A Centennial Celebration: Looking Back

One hundred years of history is nothing to shrug at and yet, what do we get as the NFL launches their 100th year of existence but helmet controversies and publicity stunts that involve designer watches.  All the world is, in fact, a stage.

Fans of the sport won’t be deterred, however, as countless people have taken to the blogosphere with nostalgic hearts and a mind to celebrate.

Together, with the not-so-huddled masses, we join you by looking at 10 of the biggest and most important changes that have taken place for the NFL in the last 100 years.

With 100 years of history so much didn’t make this initial cut and so here are some honorable mentions as we, the fans, continue to raise our foam fingers in the hopes of more good things to come.

1921 – The NFL gets its first black head coach with Fritz Pollard taking the clipboard with the Akron Pros.

Apr 23, 1927 – The NFL goes urban eliminating all but its most economically stable teams. The cuts brought the number of franchises from 22 to 12, and permanently moved the league’s center of gravity to large eastern cities.

1939 – NBC produces a local broadcast of a game between the Brooklyn Dodgers and Philadelphia Eagles for the first time in NFL history.

1943 – World War II takes its toll on the league but bring together Pennsylvania rivals who, unable to field a complete team, temporarily join forces to play one season as the Phil-Pitt Steagles.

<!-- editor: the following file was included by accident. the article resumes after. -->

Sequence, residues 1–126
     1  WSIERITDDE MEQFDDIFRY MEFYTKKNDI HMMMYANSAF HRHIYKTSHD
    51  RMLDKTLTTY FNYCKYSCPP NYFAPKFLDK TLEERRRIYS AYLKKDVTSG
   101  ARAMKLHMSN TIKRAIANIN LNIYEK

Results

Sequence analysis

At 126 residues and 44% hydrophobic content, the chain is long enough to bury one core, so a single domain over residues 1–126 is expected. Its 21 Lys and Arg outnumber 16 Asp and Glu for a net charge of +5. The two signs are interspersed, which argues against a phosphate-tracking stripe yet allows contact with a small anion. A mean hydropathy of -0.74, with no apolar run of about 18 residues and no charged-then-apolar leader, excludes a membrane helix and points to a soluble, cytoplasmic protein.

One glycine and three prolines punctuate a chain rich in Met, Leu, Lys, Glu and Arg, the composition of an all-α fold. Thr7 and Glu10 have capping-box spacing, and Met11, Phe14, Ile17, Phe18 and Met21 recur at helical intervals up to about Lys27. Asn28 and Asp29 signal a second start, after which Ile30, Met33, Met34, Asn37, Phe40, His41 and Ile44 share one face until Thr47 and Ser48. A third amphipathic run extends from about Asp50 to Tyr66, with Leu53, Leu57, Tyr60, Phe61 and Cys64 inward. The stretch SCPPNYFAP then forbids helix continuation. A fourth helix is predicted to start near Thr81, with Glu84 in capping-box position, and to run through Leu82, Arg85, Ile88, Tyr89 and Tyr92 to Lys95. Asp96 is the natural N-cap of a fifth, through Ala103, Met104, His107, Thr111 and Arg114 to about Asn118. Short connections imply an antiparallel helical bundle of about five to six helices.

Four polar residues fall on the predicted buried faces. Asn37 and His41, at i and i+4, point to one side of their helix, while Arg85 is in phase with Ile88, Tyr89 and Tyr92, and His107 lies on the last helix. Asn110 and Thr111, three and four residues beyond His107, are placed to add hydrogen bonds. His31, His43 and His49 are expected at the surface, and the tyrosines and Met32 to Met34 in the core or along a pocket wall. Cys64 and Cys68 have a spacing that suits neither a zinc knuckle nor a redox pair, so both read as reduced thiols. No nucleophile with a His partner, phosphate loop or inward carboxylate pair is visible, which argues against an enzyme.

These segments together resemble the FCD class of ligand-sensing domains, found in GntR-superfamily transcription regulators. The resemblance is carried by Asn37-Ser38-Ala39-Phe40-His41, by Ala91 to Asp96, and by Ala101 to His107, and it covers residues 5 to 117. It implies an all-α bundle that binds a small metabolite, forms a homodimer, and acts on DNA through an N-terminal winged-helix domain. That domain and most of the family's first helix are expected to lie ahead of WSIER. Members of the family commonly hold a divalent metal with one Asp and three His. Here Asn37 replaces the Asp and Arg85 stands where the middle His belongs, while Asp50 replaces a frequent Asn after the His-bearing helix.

1948 – Branding is born as The Los Angeles Rams become the first NFL team to wear a helmet with a painted logo on rams’ horns on their leather hats.  Perhaps this is the catalyst for the helmet change, according to research done by Betway, from leather to polymer only 2 years later.

Dec 28, 1958 – The Baltimore Colts defeat the New York Giants 23–17 in overtime to win the NFL Championship in the so-called “Greatest Game Ever Played.”

Jan 26, 1960 – The NFL’s owners elect Rams executive Pete Rozelle to serve as NFL Commissioner, which only took 23 rounds of voting. Rozelle will hold the post for 29 years.

1961 – New York, New York.  Rozelle makes a bold decision and moves the league’s corporate offices from a small Philadelphia suburb to New York’s Rockefeller Center.

1962 – The first Black player on the last all-white team in the NFL, receiver Bobby Mitchell, signs with the Washington Redskins and the league’s segregationist era is over.

1965 – Take me out to the ball game changes its majority meaning.  For the first time, more people polled in a national survey choose pro football than baseball as their favorite sport.

Sep 22, 1987 – The NFL Players Association goes out on a strike that lasts nearly one month.  Replacement players are controversially brought in for a three week stint that ultimately broke the will of the Players Association until 1993.

Of course, there is more history to celebrate, reflect on and allow to inform the future but, for now, this author just wants a piece of that centennial cake.